On All Fools’ Day, most of the world lets their hair down and tries very hard to pull each others’ legs. We relive some of the best attempts to fool us in the recent past.
From the days of Ancient Rome to the Internet Age, mankind has enjoyed getting its funny bone tickled at least once a year. We aren’t new to the custom of April Fools’ Day, and are more likely to walk with trepidation on April 1 every year, lest someone pull the wool over our eyes and leave us embarrassed beyond hilarity.
We’re all used to watching technology companies being at their creative best by trying to ‘fool’ us with outlandishly innovative or silly ideas that will have us bemused or in splits. Increasingly, some of these tech companies — like Google, for example — have become notorious for coming out with ingeniously authentic and believable April Fools’ Day prank ideas that successfully throw dust into the eyes of a lot of its followers.
However, the focus of this story is to not only look at some of the recent April Fools’ Day hoaxes executed by tech companies, but go further back in time and look at some of the all-time best pranks. Here goes…
Military working cats
Nobody messes with the US military, except the US military. And nothing exaggerates the point better than the US military’s April Fools’ Day press release from 2013. It goes something like this: “The 3rd U.S. Infantry Regiment (The Old Guard), is doing its part to cut down on military spending with the implementation of a new cutting-edge program which will use military working cats to work alongside military police.” With this initiative not only would America have the most cost-effective military personnel, but also do its bit to give homeless cats a renewed purpose to live than to just flood the Internet with stupid memes. Right?
The spaghetti harvest
According to CNN, this was “the biggest hoax any reputable news establishment ever pulled.” And we have some devilishly ingenious minds at BBC’s Panorama series to thank for The Spaghetti Harvest. This was a three minute news report aired back in 1957, where they showed women carefully plucking strands of spaghetti from a tree and laying them in the sun to dry. The result? An entire nation (and more) was deceived. Watch:
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YouTube shutting down
Exactly a year and a day ago, YouTube announced in an official blog post that it wasn’t really a video-sharing or broadcasting service, but actually a covert video contest started back in 2005. And after eight years of video submissions, with 72 hours of video being submitted every minute on the popular video sharing site, YouTube was shutting down the site. And it would remain closed for many years until the winner of the YouTube contest was announced. Many a video-enthusiasts’ hearts were shattered!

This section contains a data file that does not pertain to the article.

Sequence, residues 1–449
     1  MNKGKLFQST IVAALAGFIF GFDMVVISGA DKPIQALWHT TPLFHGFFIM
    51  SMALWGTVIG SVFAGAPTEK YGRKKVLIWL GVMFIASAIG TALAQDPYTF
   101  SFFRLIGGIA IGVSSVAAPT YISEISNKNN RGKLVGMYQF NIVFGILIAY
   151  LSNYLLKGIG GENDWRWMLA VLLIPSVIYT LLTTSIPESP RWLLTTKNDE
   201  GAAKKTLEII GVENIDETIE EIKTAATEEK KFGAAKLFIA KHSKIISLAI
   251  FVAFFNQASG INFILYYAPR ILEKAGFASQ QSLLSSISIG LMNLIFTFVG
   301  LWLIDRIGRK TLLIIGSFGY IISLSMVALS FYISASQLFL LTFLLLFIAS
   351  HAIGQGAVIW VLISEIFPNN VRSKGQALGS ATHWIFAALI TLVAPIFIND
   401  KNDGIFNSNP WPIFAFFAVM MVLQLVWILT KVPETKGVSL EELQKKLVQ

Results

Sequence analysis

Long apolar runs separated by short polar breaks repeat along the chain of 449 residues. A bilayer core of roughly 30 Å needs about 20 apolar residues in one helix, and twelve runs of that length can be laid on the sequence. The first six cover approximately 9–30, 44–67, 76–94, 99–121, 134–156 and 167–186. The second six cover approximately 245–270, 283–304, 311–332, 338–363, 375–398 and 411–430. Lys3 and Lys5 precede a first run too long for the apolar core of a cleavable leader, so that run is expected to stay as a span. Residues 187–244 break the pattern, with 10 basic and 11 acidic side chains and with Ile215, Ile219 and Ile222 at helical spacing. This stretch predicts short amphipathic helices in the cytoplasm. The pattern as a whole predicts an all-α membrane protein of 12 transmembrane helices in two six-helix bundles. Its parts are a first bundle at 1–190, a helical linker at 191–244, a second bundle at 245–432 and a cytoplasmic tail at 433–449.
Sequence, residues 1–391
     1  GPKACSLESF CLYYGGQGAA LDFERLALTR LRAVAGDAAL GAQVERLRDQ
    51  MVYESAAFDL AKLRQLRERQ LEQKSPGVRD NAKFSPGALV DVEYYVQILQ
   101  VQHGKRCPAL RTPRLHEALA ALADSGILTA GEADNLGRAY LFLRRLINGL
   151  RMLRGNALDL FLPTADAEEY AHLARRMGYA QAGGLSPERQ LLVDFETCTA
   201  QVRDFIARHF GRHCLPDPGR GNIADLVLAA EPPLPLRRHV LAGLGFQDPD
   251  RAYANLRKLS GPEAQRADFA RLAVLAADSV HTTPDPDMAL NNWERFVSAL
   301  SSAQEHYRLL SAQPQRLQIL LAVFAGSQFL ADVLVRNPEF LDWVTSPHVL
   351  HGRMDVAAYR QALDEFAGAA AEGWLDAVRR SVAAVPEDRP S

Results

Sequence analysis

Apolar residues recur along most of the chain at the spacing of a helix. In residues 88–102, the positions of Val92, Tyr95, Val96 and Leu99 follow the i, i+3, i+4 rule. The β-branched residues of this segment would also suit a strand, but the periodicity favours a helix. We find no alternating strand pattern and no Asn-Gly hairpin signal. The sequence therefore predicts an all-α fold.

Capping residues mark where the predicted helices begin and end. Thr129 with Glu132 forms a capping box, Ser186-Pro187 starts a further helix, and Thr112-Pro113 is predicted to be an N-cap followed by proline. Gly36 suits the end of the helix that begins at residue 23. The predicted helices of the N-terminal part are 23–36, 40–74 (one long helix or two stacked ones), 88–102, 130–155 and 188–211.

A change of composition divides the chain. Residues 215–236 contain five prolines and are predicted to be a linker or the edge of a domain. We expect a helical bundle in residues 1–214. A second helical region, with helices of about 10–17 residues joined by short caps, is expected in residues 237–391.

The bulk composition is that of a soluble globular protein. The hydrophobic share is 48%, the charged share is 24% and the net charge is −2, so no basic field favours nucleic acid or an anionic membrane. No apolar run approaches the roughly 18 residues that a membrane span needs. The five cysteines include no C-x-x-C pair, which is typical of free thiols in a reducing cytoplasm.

The isle of San Serriffe
On April 1, 1977, British newspaper Guardian ran a story that had beach vacationers tingling with excitement. It came in the form of a seven-page travel supplement titled “San Serriffe”, a small archipelago situated somewhere in the Indian Ocean, with its main islands grouped roughly in the shape of a semicolon. The story had a collection of puns and wordplay on typography related to San-Serif. There were exquisite images of the fictitious place and the ensemble was successfully executed with hoax advertisements — Kodak, for example, had a full-page ad asking people to submit their photos of San Serriffe after the vacation. It was one of the most elaborate hoaxes ever executed in recent history.
Apart from the fact that Google’s release of Gmail on April 1, 2004, wasn’t an April Fools’ Day joke, the announcement of Google Paper on the exact same day three years later in 2007 most certainly was. In an age where Gmail more than just supersized the web email’s inbox sized by giving users a 1GB inbox, its announcement of giving users freely printed copies of all their emails wasn’t initially suspected to be an April Fools’ Day joke. It was deceptively brilliant!
Virgin buys planet Pluto
The smallest planet in the solar system’s ignominious exit from Sun’s family was followed by a bold press release from Sir Richard Branson’s Virgin corporation, which claimed the British billionaire had bought the planet for an undisclosed sum. The press release further went on to justify Branson’s absurdity by stating “As a firm supporter of small businesses Sir Richard is hoping to set an example for struggling entrepreneurs facing setbacks by having Pluto reinstated as an official planet, after its declassification by the International Astronomical Union in 1996.” Branson planned to send a special probe to Pluto to bulk it to the correct mass for it to be re-classified as a planet. That guy!
Alaskan volcano erupts, starts burning
Geothermal events are difficult to simulate and be the subject of April Fools’ Day, simply because they’re such involuntary events that they can’t be predicted. But that’s exactly what happened back in 1974, when one man decided to pull a rabbit out of the hat and fool a nation, and he largely succeeded. OliverBickar had planned the stunt for four years by carefully packing in the MountEdgecumbe volcano’s crater with over 100 tyres and then setting them alight on this very day exactly forty years ago. The result? A plume of smoke hovering above the mountain which attracted national news attention, and not to mention the ire of local law-enforcement agencies, too.